HARRISON R., WALTON M., MANIAS, E., SMITH–MERRY, J., KELLY, P., IEDEMA, R., & ROBINSON, L. (in press) Using patients’ experiences of adverse events to improve health service delivery and practice: Protocol of a data linkage study of

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HARRISON R., WALTON M., MANIAS, E., SMITH–MERRY, J., KELLY, P., IEDEMA, R., & ROBINSON, L. (in press) Using patients’ experiences of adverse events to improve health service delivery and practice: Protocol of a data linkage study of Australian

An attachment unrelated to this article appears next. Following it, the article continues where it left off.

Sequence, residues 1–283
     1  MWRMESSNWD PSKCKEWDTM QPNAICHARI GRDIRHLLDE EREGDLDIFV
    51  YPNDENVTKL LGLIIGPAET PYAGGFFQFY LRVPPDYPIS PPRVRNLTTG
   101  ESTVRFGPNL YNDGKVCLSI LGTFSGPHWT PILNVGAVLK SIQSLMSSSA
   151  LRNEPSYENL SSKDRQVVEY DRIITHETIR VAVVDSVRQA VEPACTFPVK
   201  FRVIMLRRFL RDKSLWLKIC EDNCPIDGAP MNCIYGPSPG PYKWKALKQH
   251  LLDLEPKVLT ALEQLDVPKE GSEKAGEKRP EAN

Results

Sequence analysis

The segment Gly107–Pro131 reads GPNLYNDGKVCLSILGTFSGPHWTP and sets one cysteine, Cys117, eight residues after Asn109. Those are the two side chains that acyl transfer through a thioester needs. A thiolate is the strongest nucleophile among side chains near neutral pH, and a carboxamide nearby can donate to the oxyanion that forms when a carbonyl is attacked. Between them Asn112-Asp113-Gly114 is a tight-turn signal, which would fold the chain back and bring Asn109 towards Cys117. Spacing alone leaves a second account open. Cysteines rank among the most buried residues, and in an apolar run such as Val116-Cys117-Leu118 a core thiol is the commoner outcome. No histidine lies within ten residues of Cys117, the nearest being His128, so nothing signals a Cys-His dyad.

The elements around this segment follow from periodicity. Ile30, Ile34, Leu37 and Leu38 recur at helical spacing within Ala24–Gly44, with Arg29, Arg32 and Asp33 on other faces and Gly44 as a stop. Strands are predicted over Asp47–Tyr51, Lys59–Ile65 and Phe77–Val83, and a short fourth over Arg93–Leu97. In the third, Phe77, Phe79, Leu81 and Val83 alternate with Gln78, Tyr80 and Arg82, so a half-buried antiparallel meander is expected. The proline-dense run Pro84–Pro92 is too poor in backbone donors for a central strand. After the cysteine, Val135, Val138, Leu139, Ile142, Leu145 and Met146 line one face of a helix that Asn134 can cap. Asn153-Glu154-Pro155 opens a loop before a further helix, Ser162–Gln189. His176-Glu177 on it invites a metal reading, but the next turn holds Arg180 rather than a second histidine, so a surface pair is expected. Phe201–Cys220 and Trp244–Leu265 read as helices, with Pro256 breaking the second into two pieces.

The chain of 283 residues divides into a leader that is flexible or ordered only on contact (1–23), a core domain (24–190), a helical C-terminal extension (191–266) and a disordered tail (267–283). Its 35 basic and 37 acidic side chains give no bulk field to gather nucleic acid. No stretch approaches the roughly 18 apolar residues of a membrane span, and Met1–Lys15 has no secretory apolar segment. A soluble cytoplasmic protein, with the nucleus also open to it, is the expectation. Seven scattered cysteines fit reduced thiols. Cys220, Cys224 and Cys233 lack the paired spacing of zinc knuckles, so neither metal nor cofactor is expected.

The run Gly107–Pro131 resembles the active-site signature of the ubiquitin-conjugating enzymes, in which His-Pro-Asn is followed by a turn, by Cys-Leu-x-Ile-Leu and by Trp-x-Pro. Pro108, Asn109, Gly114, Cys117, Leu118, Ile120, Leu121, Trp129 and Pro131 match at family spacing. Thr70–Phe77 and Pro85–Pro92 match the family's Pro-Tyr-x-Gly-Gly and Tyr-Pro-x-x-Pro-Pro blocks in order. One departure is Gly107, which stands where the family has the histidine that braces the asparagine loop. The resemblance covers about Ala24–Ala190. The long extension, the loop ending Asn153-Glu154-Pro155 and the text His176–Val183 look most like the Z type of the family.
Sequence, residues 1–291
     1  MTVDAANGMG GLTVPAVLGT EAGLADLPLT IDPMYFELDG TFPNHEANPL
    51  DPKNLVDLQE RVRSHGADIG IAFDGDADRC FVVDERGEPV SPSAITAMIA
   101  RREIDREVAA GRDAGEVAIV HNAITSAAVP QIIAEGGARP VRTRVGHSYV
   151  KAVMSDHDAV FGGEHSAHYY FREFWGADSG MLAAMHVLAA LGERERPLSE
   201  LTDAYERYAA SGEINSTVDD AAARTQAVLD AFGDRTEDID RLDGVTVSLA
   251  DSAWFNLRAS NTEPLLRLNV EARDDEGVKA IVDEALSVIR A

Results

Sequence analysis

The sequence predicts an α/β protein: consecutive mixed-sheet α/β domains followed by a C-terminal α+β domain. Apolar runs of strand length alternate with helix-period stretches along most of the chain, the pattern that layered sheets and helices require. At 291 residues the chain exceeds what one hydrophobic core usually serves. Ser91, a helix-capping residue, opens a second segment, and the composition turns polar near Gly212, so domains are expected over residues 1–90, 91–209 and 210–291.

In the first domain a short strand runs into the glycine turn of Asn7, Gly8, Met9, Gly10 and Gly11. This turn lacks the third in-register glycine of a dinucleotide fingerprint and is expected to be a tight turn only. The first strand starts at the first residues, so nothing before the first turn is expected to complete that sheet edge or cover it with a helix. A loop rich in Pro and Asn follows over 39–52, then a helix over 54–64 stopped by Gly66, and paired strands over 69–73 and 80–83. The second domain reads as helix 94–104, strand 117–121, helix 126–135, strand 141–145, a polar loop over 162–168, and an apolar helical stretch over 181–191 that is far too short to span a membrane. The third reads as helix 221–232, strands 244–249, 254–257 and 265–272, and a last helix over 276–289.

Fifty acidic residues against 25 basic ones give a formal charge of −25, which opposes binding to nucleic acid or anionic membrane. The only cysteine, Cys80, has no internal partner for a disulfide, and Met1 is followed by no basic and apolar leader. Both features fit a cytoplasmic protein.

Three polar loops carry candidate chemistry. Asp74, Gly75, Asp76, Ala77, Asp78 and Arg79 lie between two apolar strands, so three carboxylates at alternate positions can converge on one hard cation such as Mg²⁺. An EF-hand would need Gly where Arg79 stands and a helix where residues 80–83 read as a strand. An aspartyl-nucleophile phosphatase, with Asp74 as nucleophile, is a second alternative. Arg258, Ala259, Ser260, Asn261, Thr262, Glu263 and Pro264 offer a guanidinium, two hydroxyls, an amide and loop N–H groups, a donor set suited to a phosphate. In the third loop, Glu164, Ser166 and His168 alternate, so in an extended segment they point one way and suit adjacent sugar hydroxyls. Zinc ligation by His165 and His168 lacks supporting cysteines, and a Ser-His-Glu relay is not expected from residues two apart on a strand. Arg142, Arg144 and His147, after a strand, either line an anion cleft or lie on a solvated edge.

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  Using patients ’  experiences of adverseevents to improve health servicedelivery and practice: protocol of a datalinkage study of Australian adults age45 and above Merrilyn Walton, 1 Jennifer Smith-Merry, 2 Reema Harrison, 1 Elizabeth Manias, 3 Rick Iedema, 4 Patrick Kelly 1 To cite:  Walton M, Smith-Merry J, Harrison R,  et al  .Using patients ’  experiencesof adverse events to improvehealth service delivery andpractice: protocol of a datalinkage study of Australianadults age 45 and above. BMJ Open   2014; 4 :e006599.doi:10.1136/bmjopen-2014-006599 ▸  Prepublication history forthis paper is available online.To view these files pleasevisit the journal online(http://dx.doi.org/10.1136/ bmjopen-2014-006599).Received 11 September 2014Accepted 24 September 2014For numbered affiliations seeend of article. Correspondence to Professor Merrilyn Walton;merrilyn.walton@sydney.edu.au ABSTRACTIntroduction:  Evidence of patients ’  experiences isfundamental to creating effective health policy andservice responses, yet is missing from ourknowledge of adverse events. This protocol describesexplorative research redressing this significant deficit;investigating the experiences of a large cohort ofrecently hospitalised patients aged 45 years andabove in hospitals in New South Wales (NSW),Australia. Methods and analysis:  The 45 and Up Study is acohort of 265 000 adults aged 45 years and abovein NSW. Patients who were hospitalised between 1January and 30 June 2014 will be identified fromthis cohort using data linkage and a random sampleof 20 000 invited to participate. A cross-sectionalsurvey (including qualitative and quantitativecomponents) will capture patients ’  experiences inhospital and specifically of adverse events.Approximately 25% of respondents are likely toreport experiencing an adverse event. Quantitativecomponents will capture the nature and type ofevents as well as common features of patients ’ experiences. Qualitative data provide contextualknowledge of their condition and care and theimpact of the event on individuals. Respondentswho do not report an adverse event will report theirexperience in hospital and be the control group.Statistical and thematic analysis will be used topresent a patient perspective of their experiences inhospital; the characteristics of patients experiencingan adverse event; experiences of informationsharing after an event (open disclosure) and theother avenues of redress pursued. Interviewswith key policymakers and a document analysiswill be used to create a map of the currentpractice. Ethics and dissemination:  Dissemination via aone-day workshop, peer-reviewed publications andconference presentations will enable effective clinicalresponses and service provision and policyresponses to adverse events to be developed. BACKGROUNDAdverse events are a significant problem Preventable harm in hospitals due to health-care activities is one of the top six health pro-blems in the developed world. 1  At least onein nine hospitalised patients suffer anadverse event (AE) which may require extra-care or cause permanent harm or evendeath. 2 It is estimated that AEs add 13 – 16%to hospital costs alone — at least one dollarin every seven spent on healthcare. 3 This Strengths and limitations of this study ▪  The use of data linkage is a novel strategy thatwill facilitate identification of a large number ofrecently hospitalised patients; patient experiencestudies to date consistently suffer from smalland unrepresentative patient samples. ▪  Linkage with admitted patient data allows us totriangulate patient reported experiences withinformation in their medical record for example,the health problem they presented with, howlong they were in hospital and the treatmentsreceived; this information validates the self-reported patient data. ▪  The 45 and Up Study cohort does not include arepresentative sample of culturally and linguistic-ally diverse (CALD) participants. We address thisweakness by analysing a subsample of data ofCALD participants to explore whether theirexperiences differ from the wider sample. ▪  The patient sample only includes those who are45 years or older therefore is not a representativepopulation sample. Adults aged 45 and aboveare more likely to be hospitalised and have morefrequent contact with the health system; there-fore knowledge of the experiences of this groupis valuable. Data from younger patients may beexplored in future work using this study as amodel. Walton M,  et al  .  BMJ Open   2014; 4 :e006599. doi:10.1136/bmjopen-2014-006599  1 Open Access Protocol group.bmj.comon November 25, 2014 - Published by http://bmjopen.bmj.com/ Downloaded from   󿬁 gure does not include human costs such as pain andsuffering or loss of independence and productivity forpatients and their carers, or costs of litigation and settle-ment of medical negligence claims. Measurable and sus-tainable improvements in quality and safety are yet to berealised. 4 Patient symptoms are often indicators of the amount of harm arising from healthcare, 1  with retrospectivemedical record review studies detailing a large rate of errors of commission and omission; many causing  AEs. 5 6  While a very low percentage of patients with AEsinitiate a formal complaint, signi 󿬁 cant numbers (23 – 50%) report concerns related to an AE or undesirableevents. 7 – 11 Complaints from patients may have promptedthe initial scrutiny of safety in healthcare, but patientshave been largely ignored as a source of safety evidenceor measurement and are rarely involved in reporting  AEs outside symptoms. 4 5 12 Little is known about the impact of AEs on patients Health systems rely on patient experiences as a centraland integral source of knowledge of health issues, policy development and service planning for almost all aspectsof healthcare, yet we know little of their experiences, which remain largely absent from any input into betterunderstanding the nature of AEs. Models of the impact of AEs on patients are lacking due to lack of research.Evidence-based models generated from patient reporteddata regarding the types of harm that patients experi-ence is urgently required as these are the patient groupsmost vulnerable to harm.Knowing and understanding patients ’  experiences of  AEs is crucial for creating and maintaining  trust  in theirhealth providers and in the health system. 13 – 16 Patient experience data of AEs will also contribute to under-standing the patient populations such as older patients who may be at  a greater risk of AEs or of negative seque-lae from AEs. 17 – 19 These data will provide insight into AEs that occur after discharge (eg, infection); somepostdischarge AEs are also believed to be due to de 󿬁 -cient handover of information but data are limited. 20 – 22 Finally, patient experience data will contribute to under-standing the association between an AE and patients ’ subsequent health needs (eg , requiring hospitalisation), which has not been explored. 23 AE reporting in Australia  All Australian states and territories have active incident reporting systems; in 2007 the Australian state of New South Wales (NSW) implemented the Incident Information Management System (IIMS). This systemrecords data reports on  ‘ incidents ’  (including AEs along  with other untoward incidents such as accidents orthefts) and after analysis are reported annually. The rela-tionship between error and harm in healthcare iscomplex and the focus in these systems on encouraging staff to report errors or  ‘ incidents ’  is limiting. 24 Most reported errors are errors of commission, althoughchart reviews suggest t hat  acts of omission are implicatedin twice as many AEs. 9 25 There are signi 󿬁 cant levels of under-reporting in current voluntary reporting systems.(ref. 26, p.56) Doctors, for example, rarely report using incident reporting systems resulting in particular eventsdominating such as procedures by nursing staff or nurse witnessed AEs. 27 28 Incident reports have thus been cri-tiqued as  ‘ a non-random sample of identi 󿬁 ed hazardsfrom a larger unknown universe of hazards ’ . 29  Another limitation to ful 󿬁 lling the bene 󿬁 ts of AEsusing incident reporting alone is  ‘ the limited amount and variable quality of the information found withinindividual incident reports ’ . 30  A perception also existsamong health professionals that only AEs with seriousoutcomes should be reported. There is usually no oppor-tunity for patients to contribute to information conveyedthrough incident reporting thereby excluding theirknowledge and experience in models of routine incident reporting. Our research will provide an understanding of AEs through the patient  ’ s own experience of AEs.This focus will add an important dimension to current clinical, health service and policy responses to AEs. Open disclosure Open disclosure is the requirement to provide honest explanations to patients and families who have beenimpacted by AEs. The requirement for open disclosurehas been formalised in Australian healthcare settings,predominantly through endorsement of the NationalOpen Disclosure (OD) Standard in the different statesand territories. 9 There is a paucity of evidence regarding the numberof AEs that are disclosed to patients; one study of mis-takes by junior doctors reported a low 12% disclosurerate of AEs to patients. 31  A US survey found that only one-third of patients who had experienced an AE hadbeen informed; but in another US study eliciting patient-identi 󿬁 ed AEs, 40% reported disclosure (de 󿬁 nedas a positive answer to the question:  “ Did anyone fromthe hospit al explain why the negative effectsoccurred? ” ). 32 33 Evidence suggests that disclosure of  AEs doubled the odds that patient s would give higherratings to the quality of their care. 20 Aim The aim of this research is to investigate their experi-ences of AEs and to identify data that can be used tocreate more effective service and policy responses tosuch events. Objectives 1. To determine the patient experience of AEs, includ-ing patients ’  experience of information sharing (dis-closure) after an AE and the role of patients inreporting AEs.2. To ascertain the frequency and characteristics of AEsexperienced by patients in hospitals located in thestate of NSW, Australia. 2  Walton M,  et al  .  BMJ Open   2014; 4 :e006599. doi:10.1136/bmjopen-2014-006599 Open Access group.bmj.comon November 25, 2014 - Published by http://bmjopen.bmj.com/ Downloaded from   3. To describe the characteristics of patients who experi-ence AEs, in comparison to patients who do not experience AEs.4. To carry out a detailed examination of present service and policy structures designed to deal with AEs and make recommendations for change basedon our  󿬁 ndings.5. To undertake community consultation about the 󿬁 ndings and transfer project   󿬁 ndings to the commu-nity, policymakers, health practitioners and servicemanagers. METHODSEthics approval Ethics approval was granted by the NSW Population andHealth Services Research Ethics Committee (HREC/13/CIPHS/66 &2013/12/496). It was agreed between thetwo ethics committees that the latter ethics committee would be the single committee managing and monitor-ing the research. Design This is a mixed methods study involving data collection via cross-sectional survey from a large research cohort,interviews with high-level policymakers, and data linkagebetween The Centre for Health Record Linkage(CHeReL), the Admitted Patient Data Collection(APDC), the Register of Births, Deaths and Marriages(RBDM) and the 45 and Up Study databases. Setting and participants Study population -survey The sample will be drawn from the 45 and Up Study cohort. The 45 and Up Study is the largest cohort study in the Southern Hemisphere, including 265 000 partici-pants across NSW who are aged 45 and above. The study completed recruitment in 2008 and all recruits haveconsented to the use of their data in research. A widerange of data is available on the 265 000 participants inthe 45 and Up Study cohort, including age, postcode,education, ethnicity, lifestyle and habits, current medica-tions, histor y of disease, surgical procedures and employ-ment status. 34 The choice to use an existing collectionof participants was made because the dif  󿬁 culty of recruiting respondents through their health services is well established. 35  Advertising through the public mediadoes not necessarily attract a representative patient population. Nor do hospital selected patients meet cri-teria for an unbiased study cohort. A primary bene 󿬁 t of the 45 and Up sample is that it willimprove access to a general and guaranteed sample popu-lation. Past efforts to research this topic have been ham-pered by the dif  󿬁 culty of accessing an unbiased samplepopulation. Accessing the appropriate survey populationis an important consideration for this research. Becausethe majority of patients hospitalised in Australia are ov er45 the use of this study population is ideal. 36 Furthermore, AEs tend to occur in older people. In one Australian study (N=979 834), patients with an AE wereolder (M=62.5, 95% CI 62.7 to 63 years) than t hose without an AE (M=48.2, 95% CI 48.1 to 48.3 years). 37 Inanother Australian study (N=1177), age >70 years wasfound to be a strong predictor (OR 1.9, 95% CI 1.3 to2.6) of AEs following surgery. 38 Our study participants will be a random sample of 20 000 from the 45 and UpStudy cohort who were hospitalised at any hospital inNSW over the most recent 6 month period to the time of data collection. These participants will be identi 󿬁 edusing data linkage provided by the Centre for Healthrecord Linkage (CHeReL) with the Admitted Patient Data Collection, which is administered by NSW Health. Limitations of survey sample  A recognised limitation of the 45 and Up Study is that it is not representative with respect to individuals from cul-turally and linguistically diverse (CALD) backgrounds.For example, while only 25% of the 45 and Up Study  were born outside of Australia, 2006 census data put s t his 󿬁 gure at 39% for those aged 45 and above in NSW. 36 Inorder to address this limitation we will analyse a subset of the surveys we receive from CALD participants tocompare the experiences of those CALD participants who experienced an AE with those who did not experi-ence an AE. We will also compare the CALD participantsin the 45 and Up cohort to the non-CALD members of the cohort to see if there are speci 󿬁 c differences or varia-tions in the characteristics associated with the AE. Survey sample size  We anticipate there to be 20 000 participants in thecohort eligible to take part in the study based on thenumber of participants within the cohort who have beenhospitalised. In a 6-month period (July  – December) in2007, there were 18 460 public hospitalisations among 45 and Up Study participants. Hospitalisation rates willrise every year as the cohort ages; thus, we estimate20 000 public hospitalisations (our study population) forthe 6-month period January 2014 –  June 2014. We antici-pate a 60% response rate to our questionnaire based onthe response rates observed in other substudies of 45and Up participants, yielding an estimated 14 000respondents. We expect approximately 3500 respondents(25%) will have experienced an AE based on patient AEself-reporting   󿬁 gures reported elsewhere; the remaining 10 500 respondents are expected not to have experi-enced an AE and will be the control group. Study population — interviews  We will conduct interviews with 30 individuals who havea direct role in managing AEs and thereby holding embodied knowledge about practice in the  󿬁 eld.Sampling will be purposive, based on the roles that indi- viduals ful 󿬁 l. Participants will be initially identi 󿬁 ed by the project reference group associated with the project and subsequently through Clinical Governance Units of  Walton M,  et al  .  BMJ Open   2014; 4 :e006599. doi:10.1136/bmjopen-2014-006599  3 Open Access group.bmj.comon November 25, 2014 - Published by http://bmjopen.bmj.com/ Downloaded from   Local Health Networks. We expect to conduct around30 interviews, including 10 working in policy settings(with clinical governance managers working in govern-ment policy and within key bodies such as the AustralianCommission on Safety and Quality in Health Care, NSW Clinical Excellence Commission and the NSW HealthCare Complaints Commission) and 20 with individuals working in practice settings (service managers, practi-tioners working as complaints managers). We will pur-posively seek to include a sample from two MetropolitanLocal Health Districts (Sydney, Western Sydney) and twoRural and Regional NSW Local Health Districts (Far West, Hunter New England). The  󿬁 nal number of inter- views will be determined as the interviews progress.Interviewing will be halted at the point of data saturationonce no new data are emerging. Procedure The study will run from July 2013 to July 2016 with datacollection starting November 2014. This study comprises 󿬁  ve phases:1. Questionnaire development;2. Completion of contractual arrangements with datalinkage partners;3. Administration of questionnaire;4. Analysis of survey responses;5. Mapping of existing formal service and policy responses to AEs;6. Transfer of  project   󿬁 ndings to the policy and practicecommunity. 39 Phase one — questionnaire development In phase one, the survey for patients was developed andre 󿬁 ned in a series of stages. Past patient experienceresearch was used to develop items to determine whether patients experienced an AE and opportunitiesfor patients to report AEs (during care, discharge, post-hospitalisation). Iedema  et al  11 (chief investigator B) and Weingart   et al  ’ s 40 surveys of patient experiences of opendisclosure were a signi 󿬁 cant  f oundation of data for thedevelopment of these items. 5  We included the Picker Adult Inpatient Questionnaire (PAIQ) which is a vali-dated questionnaire designed to elicit patients ’  ov erallhospital experiences about their care and treatment. 41 It has a high degree of face validit  y, construct validity andinternal reliability consistency. 41 Items about open dis-closure and subsequent decision making about com-plaint or litigation were also incorporated. A validatedinstrument for assessing open disclosure by CI Iedema was used to assess the quality of formal open disclosureagainst new national indicators. Items from this instru-ment along with that used by Weingart in the USA wereused to identify what information was provided about the AE; what action was taken to remedy the situation; what did not happen; intention of making a formal com-plaint or of seeking compensation; areas not addressedthat the patient wanted addressed. We also includeditems to determine where and when the AE(s) occurred(ie, public/private hospitals, in/out NSW, within correct time-frame parameters etc in order to identify possibleconfounding variables). An expert panel reviewedseveral iterations of the survey to attend to issues such aslength, content validity, scaling responses and potentialfor response bias.The resulting survey comprises  󿬁  ve parts A  – E. Part A asks patients for details of their hospitalisation followedby an additional four further validated sections. Part Bincorporates questions about care and treatment fromthe validated Picker questionnaire. 41 Part C includes aseries of items reg arding the healthcare incident based on Weingart   et al. 5 40 Part D asks about experiences of disclosure based on work by Iedema  et al. 11 Part Eexplores patient reports based on items developed by Daniels and also work by Walton  et al   (chief investigator A). 42 The survey was reviewed by the Project ReferenceGroup for suitability and face validity and approved by the 45 and Up Study Management Committee. Phase two — questionnaire administration Phase 2 will include administration of the questionnaireto a sample of recently hospitalised patients from the 45and Up data bank. The Centre for Health RecordLinkag e (CHeReL) is a NSW Ministry of Health Agency. 43 CHeReL will link data from the AdmittedPatient Data Collection with the 45 and Up Study Database to identify participants who have been hospita-lised in the 6-month period between January and June2014 using admission data. A random sample of 20 000 of the eligible 45 and Up participants will be sent a survey pack by the mailing house including an invitation letter, aparticipant information lea 󿬂 et and the survey with a per-forated consent form attached to it. In keeping withother studies of the 45 and Up participants, CALD or any other participants who have dif  󿬁 culty reading in Englishare advised to seek help from a friend or relative tounderstand the study materials and to complete thesurvey. Those who wish to participate are required tocomplete the consent form and return with their com-pleted survey to the 45 and Up Study using the reply-paidenvelope included in the pack. Participants who have not experienced an AE will only complete parts A and B of the survey, providing details about their hospital stay andtheir experience of this stay. Participants who have experi-enced an AE will complete a further three parts (C, Dand E) in which they will answer questions about the AE,the Open Disclosure process and whether they made acomplaint. Returned surveys will be screened by the 45and Up Study team to ensure the consent form is com-plete and then sent on to the research team in ade-identi 󿬁 ed form for analysis. Any surveys with nosigned consent form will not be included. Phase three — analysis of questionnaire data Phase 3 will involve qualitative and quantitative dataanalysis of completed questionnaires to obtain 4  Walton M,  et al  .  BMJ Open   2014; 4 :e006599. doi:10.1136/bmjopen-2014-006599 Open Access group.bmj.comon November 25, 2014 - Published by http://bmjopen.bmj.com/ Downloaded from   comprehensive information on patient characteristics,the nature and frequency of any AEs experienced andthe impact of AEs on patient outcomes, whether thepatient experienced an Open Disclosure process(formal or informal) and whether the patient made acomplaint or initiated legal action. Qualitative analysis  Two analyses of qualitative questionnaire data will beperformed:The conceptual framework of the Internat ionalClassi 󿬁 cation for Patient Safety will be employed. 42 TheInternational Classi 󿬁 cation for Patient Safety categorisespatient safety information using standardised sets of con-cepts to facilitate  ‘ description, comparison, measurement,monitoring, analysis and interpretation of information toimprove patient care, and for epidemiological and healthpolicy planning purposes ’  (ref. 44, p.1). Each AE incident  will be independently classi 󿬁 ed by two safety  experts.Using the method devised by Runciman  et al  45 ‘ naturalcategories ’  will be determined and contributing factors,detection, mitigating factors, patient and organisationaloutcomes and ameliorating factors will be sought. Thecomments that patients make about their AE will beexamined and thematically coded using discourse analysisas this has been effectively used for analysing patient experience in previous research. 46 The analysis will bestructured around the research questions. NVivo will beutilised to manage and track the discourse analyticalprocess that is applied to the data. Patient identi 󿬁 edopportunities for reporting AEs will also be examinedand thematically coded, paying special attention to thetype of AE, location in the hospital, age group, culturalbackground and the opportunities to report. 47 Quantitative analysis  Estimates of the frequency and type of AE identi 󿬁 edfrom questionnaire results will be conducted. The use of the WHO International Classi 󿬁 cation for Patient Safety to categorise patients ’  descriptions of their AEs willensure that foreseeable and known complications of conditions and treatments are separately identi 󿬁 ed anddescribed. Patient experiences that fall outside the classi- 󿬁 cation system will be identi 󿬁 ed and explored.Descriptive statistics (eg, means, SDs, frequencies andpercentages) will be calculated to summarise data col-lected. In particular, estimates of the frequency and typeof AE will be estimated with 95% CIs. Logistic regression will be used to determine if patients who experience AEs differ from patients who do not experience AEs.Potential risk factors will focus on patient characteristicssuch as age; gender; region; chronic disease(s), lengthof stay, transfer to other healthcare services. Otherfactors may be identi 󿬁 ed through the conceptual frame- work noted above. Appropriate model building strategiesand model checking will be employed. 48 Phase 4 — mapping of existing service and policy responses In phase 4 we will analyse existing service and policy responses to AEs by undertaking a mapping exercise,combining data from a detailed document mapping exercise and interviews with key actors in the  󿬁 eld. Theresults of this analysis to make detailed recommenda-tions about how these service and policy structures canbest make use of the patient experience data. Thismapping is an important component of the researchproject because government organisations are mandatedto implement processes related to AEs. An understand-ing of current practice will allow our recommendationsto  󿬁 t into and build on existing practice.Stakeholder interviews: Interviews will be semistruc-tured and open-ended. Questioning will focus onpresent service and policy structures designed to deal with AEs and the extent to which patient experiencesare utilised as a source of knowledge in service andpolicy design. Participants will also be asked which docu-ments they draw on in their work. They will be con-tacted directly via email and asked to participate in aninterview which will take place at their place of work, orby phone if they prefer. Interviews will be recorded withthe participant  ’ s permission and transcribed.Interview Data Analysis: Data will be hand codedthrough the qualitative data analysis software NVivo.Thematic analysis will be conducted based around theproject research aims. Coding reliability will be improvedthrough independent coding of a subsample of theinterviews by different members of the research team.Initial thematic codes from all interviews will be brought together and recoded to draw out subcodes. Individualsections of the data will be freshly coded to ensure analignment between initial and later coding. Singleinstances of codes will be removed and those with closesimilarity to other codes will be merged. A narrative of the themes derived from the coding will be created.Representative quotations will be selected to demon-strate the themes where necessary.Document Analysis: The aim of the documentary ana-lysis will be to  󿬁 nd and summarise the formal docu-ments which structure practice around AEs. Healthdepartment policies, Guidelines distributed by LocalHealth Districts, quality and safety protocols publishedby the NSW Clinical Excellence Commission and the Australian Commission on Quality and Safety will beidenti 󿬁 ed through a range of approaches: (1) literaturereview  — by locating any formal documents cited by aca-demic sources; (2) reference group — through sugges-tions made by the project research group; (3) interview respondents — through locating any documents spokenabout in the interviews. Documents will be summarisedaccording to purpose and audience. Phase 5 — transfer of research findings. Phase 5 will involve transfer of   󿬁 ndings to the commu-nity, policymakers, service managers and agencies. We Walton M,  et al  .  BMJ Open   2014; 4 :e006599. doi:10.1136/bmjopen-2014-006599  5 Open Access group.bmj.comon November 25, 2014 - Published by http://bmjopen.bmj.com/ Downloaded from